Common Misunderstandings About Natural Selection - Evolution and Natural Selection - EVOLUTION AND ECOLOGY - CONCEPTS IN BIOLOGY




13. Evolution and Natural Selection


13.4. Common Misunderstandings About Natural Selection


There are several common misinterpretations about the process of natural selection. The first involves the phrase “survival of the fittest.” Individual survival is certainly important, because those that do not survive will not reproduce. However, the more important factor is the number of descendants an organism leaves. An organism that has survived for hundreds of years but has not reproduced has not contributed any of its genes to the next generation and, so, has been selected against. Therefore, the key to being the fittest is not survival alone but, rather, survival and reproduction of the more fit organisms.

Second, the phrase “struggle for life” in the title of Darwin’s book does not necessarily refer to open conflict and fighting. It is usually much more subtle than that. When a resource, such as nesting material, water, sunlight, or food, is in short supply, some individuals survive and reproduce more effectively than others. For example, many kinds of birds require holes in trees as nesting places (figure 13.3). If these are in short supply, some birds are fortunate and find a top- quality nesting site, others occupy less suitable holes, and some do not find any. There may or may not be fighting for the possession of a site. If a site is already occupied, a bird may simply fly away and look for other suitable but less valuable sites. Those that successfully occupy good nesting sites will be much more successful in raising young than will those that must occupy poor sites or those that do not find any.




FIGURE 13.3. Tree Holes as Nesting Sites

Many kinds of birds, such as this Gilded Flicker (Colaptes chrysoides), nest in holes in trees or other plants such as this Saguaro cactus. If such nesting sites are not available, they may not be able to breed. Many people build birdhouses that provide artificial tree holes to encourage birds to nest near their homes.


Similarly, on a forest floor where there is little sunlight, some small plants may grow fast and obtain light while shading out plants that grow more slowly. The struggle for life in this instance involves a subtle difference in the rate at which the plants grow. But the plants are, indeed, engaged in a struggle, and a superior growth rate is the weapon for survival.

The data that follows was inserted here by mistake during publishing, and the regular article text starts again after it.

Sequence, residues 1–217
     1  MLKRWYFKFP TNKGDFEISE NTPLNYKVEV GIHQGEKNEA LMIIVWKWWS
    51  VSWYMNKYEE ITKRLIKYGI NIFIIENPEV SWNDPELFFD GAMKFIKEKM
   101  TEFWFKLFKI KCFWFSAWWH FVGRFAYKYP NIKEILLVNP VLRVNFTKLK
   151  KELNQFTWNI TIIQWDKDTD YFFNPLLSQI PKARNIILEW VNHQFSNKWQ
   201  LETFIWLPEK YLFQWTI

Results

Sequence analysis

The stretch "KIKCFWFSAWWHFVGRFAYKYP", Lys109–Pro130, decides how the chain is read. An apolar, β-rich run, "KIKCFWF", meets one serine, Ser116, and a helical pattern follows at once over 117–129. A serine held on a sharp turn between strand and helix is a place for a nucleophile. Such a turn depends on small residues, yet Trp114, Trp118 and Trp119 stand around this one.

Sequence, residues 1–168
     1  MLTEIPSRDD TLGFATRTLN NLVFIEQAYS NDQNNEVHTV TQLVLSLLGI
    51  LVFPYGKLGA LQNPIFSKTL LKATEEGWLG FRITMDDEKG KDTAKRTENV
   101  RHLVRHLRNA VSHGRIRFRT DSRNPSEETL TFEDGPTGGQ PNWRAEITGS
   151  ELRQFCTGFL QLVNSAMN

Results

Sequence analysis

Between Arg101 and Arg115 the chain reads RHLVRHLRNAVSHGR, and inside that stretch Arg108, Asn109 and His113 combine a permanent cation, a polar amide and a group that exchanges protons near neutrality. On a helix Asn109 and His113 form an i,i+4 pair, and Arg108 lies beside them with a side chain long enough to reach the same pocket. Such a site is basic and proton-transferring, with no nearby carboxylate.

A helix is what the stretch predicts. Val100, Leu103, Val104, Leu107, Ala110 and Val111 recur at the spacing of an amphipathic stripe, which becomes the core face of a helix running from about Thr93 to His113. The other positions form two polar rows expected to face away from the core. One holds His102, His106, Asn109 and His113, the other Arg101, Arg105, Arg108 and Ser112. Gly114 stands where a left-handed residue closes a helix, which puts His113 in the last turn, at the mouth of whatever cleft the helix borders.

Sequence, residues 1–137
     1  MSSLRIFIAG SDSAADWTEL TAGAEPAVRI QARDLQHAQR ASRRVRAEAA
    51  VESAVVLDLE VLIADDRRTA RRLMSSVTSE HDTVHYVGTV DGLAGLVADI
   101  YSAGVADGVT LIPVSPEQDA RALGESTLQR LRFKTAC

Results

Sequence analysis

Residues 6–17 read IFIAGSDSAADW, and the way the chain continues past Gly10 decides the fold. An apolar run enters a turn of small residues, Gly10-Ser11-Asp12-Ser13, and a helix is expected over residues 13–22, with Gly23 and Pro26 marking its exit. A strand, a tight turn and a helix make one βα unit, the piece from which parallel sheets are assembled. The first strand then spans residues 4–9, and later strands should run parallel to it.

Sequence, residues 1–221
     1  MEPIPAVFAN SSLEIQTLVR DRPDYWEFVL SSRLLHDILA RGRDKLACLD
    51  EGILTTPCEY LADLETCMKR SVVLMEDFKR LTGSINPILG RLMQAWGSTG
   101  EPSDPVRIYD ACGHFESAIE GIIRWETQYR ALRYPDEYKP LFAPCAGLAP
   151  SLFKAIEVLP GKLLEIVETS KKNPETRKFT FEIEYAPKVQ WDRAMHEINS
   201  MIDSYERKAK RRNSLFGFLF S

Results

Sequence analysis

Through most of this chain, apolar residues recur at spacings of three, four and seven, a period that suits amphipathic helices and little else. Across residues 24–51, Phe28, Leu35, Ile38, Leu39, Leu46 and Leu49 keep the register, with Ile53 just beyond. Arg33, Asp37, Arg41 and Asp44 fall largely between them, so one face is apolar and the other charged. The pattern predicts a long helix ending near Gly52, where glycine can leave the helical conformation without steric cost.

A third common misunderstanding involves the significance of phenotypic characteristics that are gained during the life of an organism but are not genetically determined. Although such acquired characteristics may be important to an individual’s success, they are not genetically determined and cannot be passed on to future generations through sexual reproduction. Therefore, acquired characteristics are not important to the processes of natural selection. Consider an excellent golfer’s skill. Although he or she may have inherited the physical characteristics of good eyesight, strength, and muscular coordination that are beneficial to a golfer, the ability to play a good round of golf is acquired through practice, not through genes. An excellent golfer’s offspring will not automatically be excellent golfers. They might inherit some of the genetically determined physical characteristics necessary to become excellent golfers, however (figure 13.4).




FIGURE 13.4. Acquired Characteristics

The ability to play an outstanding game of golf is learned through long hours of practice. The golf skills acquired by practice cannot be passed on genetically to a person’s offspring.


Humans desire a specific set of characteristics in our domesticated animals. For example, the standard for the breed of dog known as boxers is for them to have short tails. However, the alleles for short tails are rare in this breed. Consequently, their tails are amputated—a procedure called docking. Similarly, most lambs’ tails are amputated. These acquired characteristics are not passed on to the next generation. Removing the tails of these animals does not remove the genetic information for tail production from their genomes, and each generation of puppies and lambs is born with long tails.

A fourth common misconception involves understanding the relationship between the mechanism of natural selection and the outcomes of the selection process. Although the effects of natural selection appear at the population level, the actual selecting events take place, one at a time, at the level of the individual organism.



6. Why are acquired characteristics of little interest to evolutionary biologists?

7. In what way are the phrases “survival of the fittest” and “struggle for existence” correct? In what ways are they misleading?